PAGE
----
Richard Kessler was just 24 when he stumbled into the lodging industry. It was 1970, and he had begun helping a man named Cecil Day develop apartment complexes in Georgia. That summer, Day vacationed in California, and his family’s stay in a Motel 6 forever changed his fortunes and those of his young colleague. Kessler says Day returned home with the inspiration to start a similar chain of budget motels on the East Coast. Within weeks, Days Inn was born.
In 1972, eager to expand across Florida, the two men pooled their money. “He put in $700. I put in $300, and I borrowed millions. We built the company out of it,” Kessler recalls. By age 29, he was president and CEO of Days Inn, which is now part of Wyndham Hotel Group. Kessler built nearly 40,000 motel rooms while generating giant returns that increased by 35 percent each year for nearly a decade. “We built a heck of a reputation during that period,” he says.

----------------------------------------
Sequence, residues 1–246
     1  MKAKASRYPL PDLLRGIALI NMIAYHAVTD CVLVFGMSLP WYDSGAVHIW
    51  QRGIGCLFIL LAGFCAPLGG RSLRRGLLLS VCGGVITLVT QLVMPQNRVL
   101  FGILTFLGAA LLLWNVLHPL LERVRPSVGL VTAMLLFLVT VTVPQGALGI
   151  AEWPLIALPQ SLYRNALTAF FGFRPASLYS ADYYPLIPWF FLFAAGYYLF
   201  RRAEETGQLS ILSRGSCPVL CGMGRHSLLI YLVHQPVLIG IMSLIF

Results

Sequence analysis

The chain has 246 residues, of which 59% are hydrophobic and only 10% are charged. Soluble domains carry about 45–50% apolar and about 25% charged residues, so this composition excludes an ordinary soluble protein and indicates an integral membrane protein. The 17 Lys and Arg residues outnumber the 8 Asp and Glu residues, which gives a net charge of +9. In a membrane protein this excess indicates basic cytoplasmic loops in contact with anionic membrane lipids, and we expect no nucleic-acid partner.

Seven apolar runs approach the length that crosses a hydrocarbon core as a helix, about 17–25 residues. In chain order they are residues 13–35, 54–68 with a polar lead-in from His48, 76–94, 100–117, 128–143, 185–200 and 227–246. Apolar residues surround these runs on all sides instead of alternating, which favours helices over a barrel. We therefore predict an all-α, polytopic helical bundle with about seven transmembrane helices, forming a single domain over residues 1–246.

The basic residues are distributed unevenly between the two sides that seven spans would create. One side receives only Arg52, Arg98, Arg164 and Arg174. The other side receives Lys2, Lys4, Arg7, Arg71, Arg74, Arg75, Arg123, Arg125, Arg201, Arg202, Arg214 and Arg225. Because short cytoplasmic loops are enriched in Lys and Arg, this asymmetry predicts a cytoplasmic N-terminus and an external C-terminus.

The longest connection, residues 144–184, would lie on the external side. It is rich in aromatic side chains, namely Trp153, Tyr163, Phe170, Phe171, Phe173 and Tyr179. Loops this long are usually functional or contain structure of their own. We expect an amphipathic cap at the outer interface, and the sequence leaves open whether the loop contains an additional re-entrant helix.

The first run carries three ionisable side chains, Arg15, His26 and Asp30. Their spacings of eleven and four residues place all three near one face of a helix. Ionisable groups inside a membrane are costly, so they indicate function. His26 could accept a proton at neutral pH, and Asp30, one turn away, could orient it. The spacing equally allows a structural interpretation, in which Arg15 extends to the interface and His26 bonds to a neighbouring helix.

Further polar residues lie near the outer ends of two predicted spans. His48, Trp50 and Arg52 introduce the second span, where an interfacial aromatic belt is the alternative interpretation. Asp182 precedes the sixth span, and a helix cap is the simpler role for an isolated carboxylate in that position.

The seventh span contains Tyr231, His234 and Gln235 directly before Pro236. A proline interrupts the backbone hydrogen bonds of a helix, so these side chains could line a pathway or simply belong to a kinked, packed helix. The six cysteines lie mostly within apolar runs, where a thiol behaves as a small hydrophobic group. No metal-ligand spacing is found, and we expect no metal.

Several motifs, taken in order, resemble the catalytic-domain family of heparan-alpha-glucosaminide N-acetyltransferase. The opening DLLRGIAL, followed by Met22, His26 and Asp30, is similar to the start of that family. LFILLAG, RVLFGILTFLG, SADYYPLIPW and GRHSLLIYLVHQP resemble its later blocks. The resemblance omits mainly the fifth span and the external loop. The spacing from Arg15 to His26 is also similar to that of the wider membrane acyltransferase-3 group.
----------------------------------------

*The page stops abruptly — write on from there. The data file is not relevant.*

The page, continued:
Armed with his savvy business acumen and a bulging bank balance, Kessler left Days Inn when it was sold in 1984. He focused on land development and banking interests until his heart led him back to lodging. With the inception of the Kessler Collection in 1995, his sights were set on high-end boutique hotels, each with its own “personality.”
The collection that began with the Castle Hotel along International Drive in Orlando has expanded to a total of 10 distinctive properties—from a 15-room ranch surrounded by 23,000 acres of unspoiled Colorado wilderness to a luxury hotel in downtown Orlando boasting more than 150 works of art. With three new projects in the pipeline and West Coast development aspirations, Kessler is focused on expanding his carefully curated collection.
Over the years, Kessler has seen a number of hoteliers, big and small, move into the boutique niche. He politely pooh-poohs the carbon-copy designs of the large chains. He calls them “contemporary-style hotels,” not boutiques. It’s the individuality of Kessler’s hotels that he thinks sets them apart from other properties of the same genre. “Each of our hotels has a different personality,” he explains. “Each is a different design architecturally. Second of all, we put a tremendous amount of original art in our rooms and in the public spaces, far more than any other hotel I can think of.”